Working All Day for the IRS
Mitt Romney is not alone. I thought Mr. Romney’s 13.9 percent federal tax rate would be hard to beat. But among the 400 Americans with the highest adjusted gross incomes in 2008, 30 of them paid less than 10 percent and another 101 paid less than 15 percent. And these people earned, on average, more than 10 times Mr. Romney’s $21.7 million — an average of $270.5 million each.
Relatively few taxpayers pay an enormous percentage of the total federal income tax, and most of them are people who work for a living and have adjusted gross incomes of $100,000 to $500,000, which is the sweet spot for tax revenue. They account for 20.2 percent of total returns but pay a whopping 44.9 percent of total tax. The average tax rate for this group ranges from 11.9 percent for those with less than $200,000 in adjusted gross income to 19.6 percent for those with $200,000 to $500,000. Above those income levels, the rate rises to close to 25 percent and then declines to 22.6 percent for taxpayers earning more than $10 million.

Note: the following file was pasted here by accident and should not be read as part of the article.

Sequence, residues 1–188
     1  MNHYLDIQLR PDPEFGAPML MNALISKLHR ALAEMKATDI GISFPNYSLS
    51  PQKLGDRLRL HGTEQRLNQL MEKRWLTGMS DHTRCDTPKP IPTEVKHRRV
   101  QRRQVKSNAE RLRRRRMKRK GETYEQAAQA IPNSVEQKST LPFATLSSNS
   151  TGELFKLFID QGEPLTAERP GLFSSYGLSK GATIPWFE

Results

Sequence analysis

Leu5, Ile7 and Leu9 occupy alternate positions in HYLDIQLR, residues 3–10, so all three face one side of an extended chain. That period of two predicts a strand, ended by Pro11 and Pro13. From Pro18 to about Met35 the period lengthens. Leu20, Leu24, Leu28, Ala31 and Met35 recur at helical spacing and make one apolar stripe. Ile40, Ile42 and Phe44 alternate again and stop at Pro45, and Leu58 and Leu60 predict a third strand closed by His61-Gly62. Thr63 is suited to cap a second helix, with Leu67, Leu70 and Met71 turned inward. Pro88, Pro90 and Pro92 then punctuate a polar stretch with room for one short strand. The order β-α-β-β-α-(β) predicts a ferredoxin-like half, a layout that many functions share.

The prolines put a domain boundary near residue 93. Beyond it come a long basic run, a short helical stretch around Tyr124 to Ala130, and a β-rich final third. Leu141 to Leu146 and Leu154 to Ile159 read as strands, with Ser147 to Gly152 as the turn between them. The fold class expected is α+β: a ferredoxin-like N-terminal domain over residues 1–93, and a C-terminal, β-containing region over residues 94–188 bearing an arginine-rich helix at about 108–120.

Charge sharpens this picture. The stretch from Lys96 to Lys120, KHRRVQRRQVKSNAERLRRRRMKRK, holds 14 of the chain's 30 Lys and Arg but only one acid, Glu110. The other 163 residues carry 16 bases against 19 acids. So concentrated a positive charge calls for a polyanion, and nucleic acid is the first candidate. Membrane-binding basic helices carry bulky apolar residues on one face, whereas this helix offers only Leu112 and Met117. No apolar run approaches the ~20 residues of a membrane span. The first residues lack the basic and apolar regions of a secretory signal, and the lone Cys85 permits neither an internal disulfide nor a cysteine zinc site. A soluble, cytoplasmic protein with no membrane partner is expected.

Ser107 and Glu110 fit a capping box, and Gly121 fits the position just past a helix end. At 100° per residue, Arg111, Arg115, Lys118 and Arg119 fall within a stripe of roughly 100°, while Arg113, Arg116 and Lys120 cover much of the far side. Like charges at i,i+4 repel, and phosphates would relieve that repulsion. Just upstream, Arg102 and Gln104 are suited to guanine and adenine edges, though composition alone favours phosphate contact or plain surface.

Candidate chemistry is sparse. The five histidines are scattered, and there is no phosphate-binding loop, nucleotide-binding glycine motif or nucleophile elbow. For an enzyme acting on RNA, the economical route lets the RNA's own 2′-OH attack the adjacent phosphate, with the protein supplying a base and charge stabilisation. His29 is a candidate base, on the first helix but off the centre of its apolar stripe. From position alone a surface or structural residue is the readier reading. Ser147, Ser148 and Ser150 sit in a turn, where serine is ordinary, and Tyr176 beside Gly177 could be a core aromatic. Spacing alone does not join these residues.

[T]he results for the top 400 returns suggest that the rate continues to decline as incomes rise. The top 400 paid an average of $49 million, or 18.1 percent of their adjusted gross income, in federal tax — lower than taxpayers in the $200,000 to $500,000 bracket.
I spoke this week to the investigative reporters Don Barlett and Jim Steele, .... They said that tax inequities had gotten worse since 1994, when they published “America: Who Really Pays the Taxes,” and described the tax system as “out of control.”
Now, “The tax code has been so skewed against most people, with remarkable tax cuts for folks at the top, that the whole concept of fairness has gone out the window,” Mr. Steele said. Mr. Barlett, pointing to disparate rates even among people in the same income brackets, added: “There’s enormous horizontal inequity, enormous.”
The I.R.S. data makes clear that the differing treatment of earned and unearned income accounts for most of the disparity between tax rates for the ultrawealthy and those who make much less. Salaries and wages accounted for only 8.8 percent of adjusted gross income for the top 400 taxpayers. Interest and dividends made up 16 percent and net capital gains accounted for nearly 57 percent. So on average, 73 percent of their income was unearned and taxed at favorable rates.
“The people who pay all the taxes are the same people who are working,” Mr. Barlett said. “If you’re paying a huge amount of tax, then you’re working.”